ASTI complains after losing members to TUI in dispute over teacher pay and reforms
A teaching union is furious that its former members are joining another union after it battled against acceptance of the Lansdowne Road Agreement and Junior Cert reforms.
About 1,200 members of the Association of Secondary Teachers Ireland (ASTI) resigned this year, and the belief is many of those are now members of the Teachers' Union of Ireland (TUI).
The number may include retirees, but with annual ASTI membership fees ranging from €337 for a full-time teacher, to €50 for part-timer on less than 11 hours a week, a transfer of members would represent a major long-term financial drain.
The ASTI has now complained to the Irish Congress of Trades Unions (Ictu) about the phenomenon. The ASTI's heavy membership losses happened during the months when members were missing out on pay increases - and for many young teachers, a permanent contract - because of their ongoing rejection of the Lansdowne Road Agreement (LRA).
Rising discontent spilled on to the floor at the union's annual Easter conference when delegates spoke openly about people leaving.
The ASTI finally accepted the Lansdowne Road Agreement and Junior Cert reforms in June, after a grassroots movement forced a special delegate convention to reconsider its position.
Now the ASTI complaint over its lost members is being considered by Ictu although, at this stage, it has not been referred to its Disputes Committee.
Ictu has an "anti-poaching" agreement that prohibits unions taking advantage of a dispute and recruiting members of another union.
It is not clear whether the departing ASTI members would have declared their previous affiliation to the TUI.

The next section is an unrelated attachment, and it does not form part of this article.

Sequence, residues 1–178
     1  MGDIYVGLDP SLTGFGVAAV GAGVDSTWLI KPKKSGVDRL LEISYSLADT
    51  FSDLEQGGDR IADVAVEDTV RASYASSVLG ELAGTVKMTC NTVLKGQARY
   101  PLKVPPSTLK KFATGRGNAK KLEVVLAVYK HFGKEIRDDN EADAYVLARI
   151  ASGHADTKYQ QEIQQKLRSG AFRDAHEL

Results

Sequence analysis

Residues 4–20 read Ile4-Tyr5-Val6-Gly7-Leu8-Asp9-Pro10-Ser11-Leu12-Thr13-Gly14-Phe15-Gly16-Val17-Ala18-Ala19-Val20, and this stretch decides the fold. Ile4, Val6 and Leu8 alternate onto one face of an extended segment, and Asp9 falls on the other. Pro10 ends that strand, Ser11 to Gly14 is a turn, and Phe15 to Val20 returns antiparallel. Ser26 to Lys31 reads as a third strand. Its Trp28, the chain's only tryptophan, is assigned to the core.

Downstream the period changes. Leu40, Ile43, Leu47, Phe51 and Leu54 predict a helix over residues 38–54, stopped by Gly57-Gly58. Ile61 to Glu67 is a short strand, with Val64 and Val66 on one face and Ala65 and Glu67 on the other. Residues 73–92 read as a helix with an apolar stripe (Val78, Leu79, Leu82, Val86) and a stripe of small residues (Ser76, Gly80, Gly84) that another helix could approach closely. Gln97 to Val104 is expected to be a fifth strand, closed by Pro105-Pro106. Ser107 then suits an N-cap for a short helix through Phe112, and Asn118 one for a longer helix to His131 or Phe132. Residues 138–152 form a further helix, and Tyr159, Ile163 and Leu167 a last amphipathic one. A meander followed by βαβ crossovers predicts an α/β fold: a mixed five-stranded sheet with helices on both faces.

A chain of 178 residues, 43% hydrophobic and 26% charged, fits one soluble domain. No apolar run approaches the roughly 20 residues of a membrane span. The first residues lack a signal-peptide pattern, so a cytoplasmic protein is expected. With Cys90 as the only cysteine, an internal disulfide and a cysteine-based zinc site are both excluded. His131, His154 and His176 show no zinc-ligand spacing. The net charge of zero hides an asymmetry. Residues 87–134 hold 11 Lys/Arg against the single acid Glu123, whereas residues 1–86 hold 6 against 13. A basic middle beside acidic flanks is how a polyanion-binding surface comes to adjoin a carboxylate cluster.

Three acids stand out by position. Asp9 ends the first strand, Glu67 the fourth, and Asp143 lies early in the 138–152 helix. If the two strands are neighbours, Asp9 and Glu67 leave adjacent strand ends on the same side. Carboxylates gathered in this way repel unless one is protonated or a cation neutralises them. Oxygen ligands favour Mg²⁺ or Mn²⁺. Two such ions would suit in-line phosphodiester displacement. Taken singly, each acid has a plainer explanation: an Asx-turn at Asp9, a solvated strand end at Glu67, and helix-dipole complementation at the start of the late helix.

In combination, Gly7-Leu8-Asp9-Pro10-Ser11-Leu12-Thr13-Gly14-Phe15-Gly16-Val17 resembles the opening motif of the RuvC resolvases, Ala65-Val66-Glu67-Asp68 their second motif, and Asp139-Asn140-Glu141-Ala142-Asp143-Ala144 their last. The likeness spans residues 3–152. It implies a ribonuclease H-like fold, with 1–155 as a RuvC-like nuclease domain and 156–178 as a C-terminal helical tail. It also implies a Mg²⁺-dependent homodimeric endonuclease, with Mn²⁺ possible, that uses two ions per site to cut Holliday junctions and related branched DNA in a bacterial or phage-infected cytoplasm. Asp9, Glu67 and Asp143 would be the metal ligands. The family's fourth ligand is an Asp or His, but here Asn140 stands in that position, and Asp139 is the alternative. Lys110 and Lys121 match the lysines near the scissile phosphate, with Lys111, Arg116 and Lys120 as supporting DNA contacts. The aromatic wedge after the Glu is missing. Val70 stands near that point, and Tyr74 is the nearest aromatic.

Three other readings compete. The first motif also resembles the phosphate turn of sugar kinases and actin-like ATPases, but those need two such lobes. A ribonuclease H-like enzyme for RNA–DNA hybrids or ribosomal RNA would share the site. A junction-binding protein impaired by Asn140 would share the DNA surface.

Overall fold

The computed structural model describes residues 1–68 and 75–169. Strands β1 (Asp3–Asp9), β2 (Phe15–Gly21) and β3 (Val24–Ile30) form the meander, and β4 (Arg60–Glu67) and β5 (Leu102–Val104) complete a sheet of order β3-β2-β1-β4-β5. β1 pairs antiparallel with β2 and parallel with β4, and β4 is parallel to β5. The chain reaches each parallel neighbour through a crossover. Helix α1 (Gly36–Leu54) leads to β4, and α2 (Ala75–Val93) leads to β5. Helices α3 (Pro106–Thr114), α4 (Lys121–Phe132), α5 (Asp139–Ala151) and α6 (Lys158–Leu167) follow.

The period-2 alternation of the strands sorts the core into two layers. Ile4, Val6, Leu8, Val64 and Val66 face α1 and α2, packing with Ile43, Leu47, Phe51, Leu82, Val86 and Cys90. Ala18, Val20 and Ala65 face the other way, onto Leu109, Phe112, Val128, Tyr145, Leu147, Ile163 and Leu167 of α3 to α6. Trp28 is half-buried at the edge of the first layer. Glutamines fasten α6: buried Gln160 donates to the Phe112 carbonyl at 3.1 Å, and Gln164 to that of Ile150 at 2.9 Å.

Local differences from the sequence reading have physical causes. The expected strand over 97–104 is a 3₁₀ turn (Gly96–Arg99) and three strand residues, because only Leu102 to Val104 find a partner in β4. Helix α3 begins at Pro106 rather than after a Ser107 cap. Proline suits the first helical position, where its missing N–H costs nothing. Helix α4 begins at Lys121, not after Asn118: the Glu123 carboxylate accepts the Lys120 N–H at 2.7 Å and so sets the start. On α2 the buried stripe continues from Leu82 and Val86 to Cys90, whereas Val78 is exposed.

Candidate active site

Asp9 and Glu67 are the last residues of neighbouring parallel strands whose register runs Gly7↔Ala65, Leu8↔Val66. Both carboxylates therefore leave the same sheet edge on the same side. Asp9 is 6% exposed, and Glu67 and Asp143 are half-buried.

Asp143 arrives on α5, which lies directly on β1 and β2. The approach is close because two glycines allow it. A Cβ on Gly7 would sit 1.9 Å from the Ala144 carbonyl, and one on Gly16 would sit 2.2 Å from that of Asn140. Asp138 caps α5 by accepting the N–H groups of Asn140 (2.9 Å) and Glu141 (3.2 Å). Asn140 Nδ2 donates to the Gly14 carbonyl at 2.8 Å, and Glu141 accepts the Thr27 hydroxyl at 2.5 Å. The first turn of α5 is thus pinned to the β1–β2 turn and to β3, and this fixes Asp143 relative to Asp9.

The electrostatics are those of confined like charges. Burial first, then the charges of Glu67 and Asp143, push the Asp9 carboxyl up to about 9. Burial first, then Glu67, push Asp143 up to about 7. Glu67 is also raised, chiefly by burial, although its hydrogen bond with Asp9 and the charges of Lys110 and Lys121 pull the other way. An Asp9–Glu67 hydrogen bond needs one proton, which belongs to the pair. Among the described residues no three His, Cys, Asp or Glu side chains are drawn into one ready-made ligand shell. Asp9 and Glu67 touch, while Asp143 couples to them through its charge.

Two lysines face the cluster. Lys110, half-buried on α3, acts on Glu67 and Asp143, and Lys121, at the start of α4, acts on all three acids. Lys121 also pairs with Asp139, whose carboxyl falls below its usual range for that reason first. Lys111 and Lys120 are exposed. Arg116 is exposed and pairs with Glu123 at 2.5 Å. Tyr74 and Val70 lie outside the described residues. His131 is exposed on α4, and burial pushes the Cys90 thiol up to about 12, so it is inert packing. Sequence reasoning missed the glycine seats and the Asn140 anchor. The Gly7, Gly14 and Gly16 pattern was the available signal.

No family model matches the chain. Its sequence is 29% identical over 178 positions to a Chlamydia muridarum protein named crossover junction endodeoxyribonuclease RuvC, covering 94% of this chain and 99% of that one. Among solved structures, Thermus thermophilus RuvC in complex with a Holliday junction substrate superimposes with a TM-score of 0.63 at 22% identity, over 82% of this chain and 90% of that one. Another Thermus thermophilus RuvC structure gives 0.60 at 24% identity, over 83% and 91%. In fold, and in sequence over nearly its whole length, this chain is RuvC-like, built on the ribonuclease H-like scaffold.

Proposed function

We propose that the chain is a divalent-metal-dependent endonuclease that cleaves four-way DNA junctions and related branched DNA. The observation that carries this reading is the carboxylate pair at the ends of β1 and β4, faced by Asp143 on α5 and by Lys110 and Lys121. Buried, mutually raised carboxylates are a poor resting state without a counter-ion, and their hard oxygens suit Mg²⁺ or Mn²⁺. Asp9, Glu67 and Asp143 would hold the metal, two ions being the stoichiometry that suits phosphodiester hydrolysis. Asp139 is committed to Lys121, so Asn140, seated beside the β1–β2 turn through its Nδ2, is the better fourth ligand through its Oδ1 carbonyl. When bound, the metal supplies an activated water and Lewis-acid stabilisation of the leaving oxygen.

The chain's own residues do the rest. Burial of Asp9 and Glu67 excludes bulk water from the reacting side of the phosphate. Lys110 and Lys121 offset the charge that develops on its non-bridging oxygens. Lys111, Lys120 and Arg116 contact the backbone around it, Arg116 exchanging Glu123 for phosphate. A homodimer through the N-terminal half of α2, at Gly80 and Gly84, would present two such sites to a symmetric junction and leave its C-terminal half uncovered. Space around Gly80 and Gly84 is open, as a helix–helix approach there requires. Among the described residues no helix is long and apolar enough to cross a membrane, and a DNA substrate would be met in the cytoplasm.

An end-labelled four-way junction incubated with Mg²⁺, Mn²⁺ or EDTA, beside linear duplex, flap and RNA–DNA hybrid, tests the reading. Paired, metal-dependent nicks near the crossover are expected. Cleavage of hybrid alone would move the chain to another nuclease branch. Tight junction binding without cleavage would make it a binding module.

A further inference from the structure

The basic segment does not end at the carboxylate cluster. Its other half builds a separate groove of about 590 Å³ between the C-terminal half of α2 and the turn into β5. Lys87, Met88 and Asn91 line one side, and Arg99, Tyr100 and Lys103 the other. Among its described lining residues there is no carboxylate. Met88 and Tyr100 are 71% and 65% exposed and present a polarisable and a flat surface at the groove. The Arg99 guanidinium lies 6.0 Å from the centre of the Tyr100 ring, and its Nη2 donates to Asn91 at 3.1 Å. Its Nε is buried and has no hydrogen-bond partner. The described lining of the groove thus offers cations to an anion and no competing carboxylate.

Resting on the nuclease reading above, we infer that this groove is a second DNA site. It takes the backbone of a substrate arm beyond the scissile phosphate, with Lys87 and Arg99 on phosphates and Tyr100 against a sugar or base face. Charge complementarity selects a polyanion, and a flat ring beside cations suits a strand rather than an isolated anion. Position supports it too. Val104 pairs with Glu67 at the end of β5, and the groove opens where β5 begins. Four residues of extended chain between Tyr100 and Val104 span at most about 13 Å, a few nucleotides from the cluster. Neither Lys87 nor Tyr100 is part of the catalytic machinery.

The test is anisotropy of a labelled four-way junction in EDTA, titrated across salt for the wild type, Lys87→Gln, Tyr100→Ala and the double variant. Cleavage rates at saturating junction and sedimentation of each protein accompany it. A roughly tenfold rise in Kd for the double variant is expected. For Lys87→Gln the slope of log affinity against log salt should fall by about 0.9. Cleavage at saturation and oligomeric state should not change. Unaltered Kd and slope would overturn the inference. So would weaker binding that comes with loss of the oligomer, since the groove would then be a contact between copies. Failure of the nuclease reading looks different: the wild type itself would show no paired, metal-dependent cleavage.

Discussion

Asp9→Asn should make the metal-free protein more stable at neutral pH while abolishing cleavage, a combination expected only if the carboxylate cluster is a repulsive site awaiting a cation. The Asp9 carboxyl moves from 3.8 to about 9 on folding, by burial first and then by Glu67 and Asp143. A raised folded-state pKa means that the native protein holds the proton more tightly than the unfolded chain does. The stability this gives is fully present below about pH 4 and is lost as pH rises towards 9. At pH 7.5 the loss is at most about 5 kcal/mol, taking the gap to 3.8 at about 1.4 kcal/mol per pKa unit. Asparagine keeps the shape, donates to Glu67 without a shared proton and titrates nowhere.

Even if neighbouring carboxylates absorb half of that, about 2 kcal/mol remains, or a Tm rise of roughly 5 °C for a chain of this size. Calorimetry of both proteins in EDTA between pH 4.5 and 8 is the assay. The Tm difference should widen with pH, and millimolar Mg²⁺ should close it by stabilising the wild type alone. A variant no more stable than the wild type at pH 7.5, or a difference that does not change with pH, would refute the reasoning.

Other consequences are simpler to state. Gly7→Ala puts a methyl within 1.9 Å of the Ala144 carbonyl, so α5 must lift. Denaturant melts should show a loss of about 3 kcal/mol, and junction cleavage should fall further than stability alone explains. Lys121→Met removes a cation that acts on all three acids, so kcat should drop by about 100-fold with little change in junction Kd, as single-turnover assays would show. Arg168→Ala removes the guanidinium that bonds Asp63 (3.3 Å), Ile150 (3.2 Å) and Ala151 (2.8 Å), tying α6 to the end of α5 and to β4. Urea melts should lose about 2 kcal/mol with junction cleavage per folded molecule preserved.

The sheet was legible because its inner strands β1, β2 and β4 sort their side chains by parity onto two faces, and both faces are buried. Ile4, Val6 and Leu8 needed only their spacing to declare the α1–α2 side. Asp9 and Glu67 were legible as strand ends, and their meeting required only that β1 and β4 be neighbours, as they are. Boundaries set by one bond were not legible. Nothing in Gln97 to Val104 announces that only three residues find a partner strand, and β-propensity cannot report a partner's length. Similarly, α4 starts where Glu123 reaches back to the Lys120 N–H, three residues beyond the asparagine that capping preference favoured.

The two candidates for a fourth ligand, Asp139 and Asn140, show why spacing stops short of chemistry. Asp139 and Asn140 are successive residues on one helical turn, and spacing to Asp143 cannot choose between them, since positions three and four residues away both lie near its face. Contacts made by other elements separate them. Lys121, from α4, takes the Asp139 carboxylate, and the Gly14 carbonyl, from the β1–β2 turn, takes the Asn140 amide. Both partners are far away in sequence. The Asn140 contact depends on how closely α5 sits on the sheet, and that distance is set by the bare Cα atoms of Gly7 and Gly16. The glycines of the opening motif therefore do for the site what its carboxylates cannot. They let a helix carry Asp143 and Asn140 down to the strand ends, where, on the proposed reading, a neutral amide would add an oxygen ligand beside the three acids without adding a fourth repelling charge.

Neither union would comment, other than to confirm that the matter was going through Ictu processes.
A teacher's union affiliation generally depends on the school sector in which they work, with the ASTI representing those in voluntary secondary schools - traditionally run or, previously run, by the religious.
The TUI largely negotiates for those in schools managed by local education and training boards. The unions share representation in the community and comprehensive school sector.
The ASTI will ballot its members next month on Lansdowne Road's successor. The recommendation is to reject the pay deal - but with members licking their wounds after the financial pain of delayed acceptance of the LRA, it remains to be seen how they will respond.
The deal, the Public Service Stability Agreement (PSSA), has been accepted by a majority of Ictu unions, although other teachers' unions have rejected it this time, because it has not ended two-tier pay scales.
But the terms of the PSSA will apply to members of all unions unless they "repudiate" it by taking industrial action.
The INTO executive agreed on Friday to participate in a Government review on pay equality, but a spokesman said it did not mean it was signing up.
An INTO activist group, Glór, which is campaigning for pay equality, said it was appalled by the decision of the union leadership to enter into talks.